EMPLOYMENT APPEALS TRIBUNAL
Amanda Mc Garry
against the recommendation of the Rights Commissioner in the case of Dublin Airport Authority, PLC (DAA)
ASC Airport Services Consolidated Limited
PROTECTION OF EMPLOYEES ON THE TRANSFER OF UNDERTAKINGS REGULATIONS 2003.
I certify that the Tribunal
(Division of Tribunal)
Chairman: Mr. C. Corcoran B.L.
Members: Mr. M. Noone
Mr. S. O'Donnell
heard this appeal at Dublin on 23rd October 2015, 17th October 2016, and 18th October 2016.
Appellants: Ms. Marguerite Bolger S.C. and Mr. Conor Bowman S.C. Instructed by Mr. Joseph Burke, Mc Cartan & Burke, Solicitors, Iceland House, Arran Court, Smithfield, Dublin 7.
Respondents: Mr. Tom Mallon B.L. Instructed by Seamus Given, Arthur Cox Solicitors, Earlsfort Centre, Earlsfort Tce. Dublin 2
Background to 2nd Preliminary Issue:
These cases came before the Tribunal by way of appeals by the Employer against the decisions of the Rights Commissioner Ref: R-120562-TU-12/3JW, R-120402-TU-12/JW, R-120447-TU-12/JW, R-120539-TU-12/JW, R120553-TU-12/JW and R-120445-TU-12JW.
Two preliminary issues were identified by this Tribunal:
- Whether the matter was within the six week time-limit for appeal to this Tribunal from the Rights Commissioner. On this issue the Tribunal ruled that having regard to the wording of the relevant Regulations of the 2003 Regulations, S.I. NO. 131/2003, the matter was within time for the purposes of the said appeal. (First Preliminary hearing).
- Whether the complaints lodged with the Rights Commissioner for Transfer of Undertaking was within the year stipulated by Regulation 10(6) of the said Regulations of 2003and if it was within that time limit, whether the conditions for invoking that time limit, were satisfied. The matters contained in Number 2 are the subject matter of this Determination.
This is a case dealing with a purported Transfer of Undertaking. The law in this area is highly volatile and very imprecise. There are many cases with diverse and varying decisions. Consequently like all such cases a heavy reliance is placed on the facts of each particular case. This case is no exception. The Tribunal over three days dealt with various aspects of this case that arose. The following main areas were identified:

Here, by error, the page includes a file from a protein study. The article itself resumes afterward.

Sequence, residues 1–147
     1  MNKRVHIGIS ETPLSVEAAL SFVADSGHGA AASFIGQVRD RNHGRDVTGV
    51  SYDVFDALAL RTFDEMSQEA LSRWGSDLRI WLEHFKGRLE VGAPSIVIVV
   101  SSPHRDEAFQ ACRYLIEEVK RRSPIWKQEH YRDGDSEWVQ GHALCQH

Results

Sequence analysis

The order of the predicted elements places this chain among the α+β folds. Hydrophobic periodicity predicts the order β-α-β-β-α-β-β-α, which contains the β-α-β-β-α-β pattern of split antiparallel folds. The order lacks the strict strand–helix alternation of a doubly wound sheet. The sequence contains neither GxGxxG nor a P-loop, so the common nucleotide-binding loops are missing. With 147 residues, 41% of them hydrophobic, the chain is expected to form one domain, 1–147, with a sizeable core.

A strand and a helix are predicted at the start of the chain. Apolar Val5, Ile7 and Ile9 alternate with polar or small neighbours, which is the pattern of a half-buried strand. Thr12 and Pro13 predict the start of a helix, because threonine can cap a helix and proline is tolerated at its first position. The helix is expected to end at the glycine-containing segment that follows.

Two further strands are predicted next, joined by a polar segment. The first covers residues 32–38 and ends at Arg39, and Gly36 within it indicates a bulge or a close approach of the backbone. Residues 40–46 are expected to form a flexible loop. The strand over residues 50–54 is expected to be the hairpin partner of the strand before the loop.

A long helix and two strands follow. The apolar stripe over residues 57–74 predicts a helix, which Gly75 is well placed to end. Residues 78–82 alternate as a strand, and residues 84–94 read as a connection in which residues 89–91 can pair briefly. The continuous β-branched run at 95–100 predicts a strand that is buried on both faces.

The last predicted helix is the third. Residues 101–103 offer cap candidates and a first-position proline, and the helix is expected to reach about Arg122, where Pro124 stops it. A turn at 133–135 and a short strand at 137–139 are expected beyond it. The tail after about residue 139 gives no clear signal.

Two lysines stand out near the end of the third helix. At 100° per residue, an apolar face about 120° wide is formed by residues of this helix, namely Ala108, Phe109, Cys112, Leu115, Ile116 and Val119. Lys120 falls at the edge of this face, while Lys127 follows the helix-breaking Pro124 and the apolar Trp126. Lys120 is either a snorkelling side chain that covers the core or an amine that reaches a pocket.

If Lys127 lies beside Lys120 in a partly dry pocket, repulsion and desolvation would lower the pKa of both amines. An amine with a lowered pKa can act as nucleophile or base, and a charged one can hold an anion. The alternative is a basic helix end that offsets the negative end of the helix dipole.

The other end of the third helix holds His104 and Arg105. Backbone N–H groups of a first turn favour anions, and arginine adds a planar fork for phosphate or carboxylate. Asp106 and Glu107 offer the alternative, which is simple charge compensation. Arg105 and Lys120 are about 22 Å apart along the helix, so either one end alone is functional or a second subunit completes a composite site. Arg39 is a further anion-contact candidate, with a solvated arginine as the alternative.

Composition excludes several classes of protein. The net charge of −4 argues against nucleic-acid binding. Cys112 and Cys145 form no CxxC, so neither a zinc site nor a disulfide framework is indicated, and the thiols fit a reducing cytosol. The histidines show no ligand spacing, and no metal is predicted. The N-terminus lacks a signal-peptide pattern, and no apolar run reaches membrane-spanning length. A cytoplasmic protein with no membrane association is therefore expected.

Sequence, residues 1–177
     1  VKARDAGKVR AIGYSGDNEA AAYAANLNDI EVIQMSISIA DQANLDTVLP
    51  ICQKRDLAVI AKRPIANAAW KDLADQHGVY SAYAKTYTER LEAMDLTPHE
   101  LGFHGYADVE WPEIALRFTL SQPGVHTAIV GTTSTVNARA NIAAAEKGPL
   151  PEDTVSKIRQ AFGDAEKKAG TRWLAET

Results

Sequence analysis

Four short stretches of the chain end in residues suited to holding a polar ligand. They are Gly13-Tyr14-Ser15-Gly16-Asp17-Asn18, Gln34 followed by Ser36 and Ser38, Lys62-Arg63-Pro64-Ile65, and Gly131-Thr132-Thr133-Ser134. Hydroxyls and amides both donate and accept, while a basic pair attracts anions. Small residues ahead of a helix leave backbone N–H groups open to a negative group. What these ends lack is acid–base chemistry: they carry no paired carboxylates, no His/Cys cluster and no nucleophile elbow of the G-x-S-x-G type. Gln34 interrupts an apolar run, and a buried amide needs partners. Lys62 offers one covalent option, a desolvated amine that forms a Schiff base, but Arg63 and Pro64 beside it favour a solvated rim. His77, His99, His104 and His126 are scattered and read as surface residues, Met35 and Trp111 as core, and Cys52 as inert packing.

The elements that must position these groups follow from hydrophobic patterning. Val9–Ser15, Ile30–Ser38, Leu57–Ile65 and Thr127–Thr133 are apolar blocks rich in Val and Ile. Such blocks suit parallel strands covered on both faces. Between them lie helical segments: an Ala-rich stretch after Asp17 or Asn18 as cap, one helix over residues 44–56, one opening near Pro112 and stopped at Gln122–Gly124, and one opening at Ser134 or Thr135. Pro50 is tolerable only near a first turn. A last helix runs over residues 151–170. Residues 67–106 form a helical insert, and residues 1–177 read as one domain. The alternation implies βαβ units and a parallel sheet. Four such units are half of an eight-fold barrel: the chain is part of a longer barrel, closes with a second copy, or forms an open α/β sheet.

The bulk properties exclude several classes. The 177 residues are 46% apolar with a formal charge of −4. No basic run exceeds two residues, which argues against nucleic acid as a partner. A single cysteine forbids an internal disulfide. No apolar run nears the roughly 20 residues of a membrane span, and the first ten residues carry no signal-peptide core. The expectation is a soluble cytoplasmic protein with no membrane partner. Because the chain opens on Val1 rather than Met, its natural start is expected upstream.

1. Time limit for appeal from the rights commissioner’s hearing to this Tribunal. In this matter (on a previous date) this Tribunal held that it was within time for the purpose of the hearing of the appeal and/or in any event it had the power to extend the time under the wording of the relevant regulations.
2. The time limit from the date of the purported transfer to the lodging of the complaint with the rights commissioner. (a) Whether it was outside a year. If it was, then that was the end of the matter. (b) If it was outside six months but within the year this was sufficient provided certain defined statutory conditions were fulfilled.
3. The substantive issue i.e. whether based on the facts and the applicable law, there was a transfer within the meaning of the Transfer of Undertakings Regulations 2003 in particular Regulation 3(1).
4. Other ancillary matters.
5. With regard to point 2 (b) it was agreed between both parties that the time limit was outside the initial time limit of six months.
6. This is the second preliminary issue to arise in this case. In this preliminary issue the Tribunal addresses two issues:
7. Having regard to the circumstances of this case and having regard to the Regulations: 1/ Does the claim relating to transfer of undertaking come within the one year time limit? If it does not then that is the end of the matter. 2/ If it does then, can the statutory conditions under which the one year time applies be fulfilled?
The Relevant statutory and regulatory provisions relevant to this area are contained in S.I. No.131/2003- European Communities (Protection of Employees on Transfer of Undertakings) 2003, in particular:
Regulation 2 (Definitions)-
“transfer” “ shall be construed in accordance with Regulation 3,”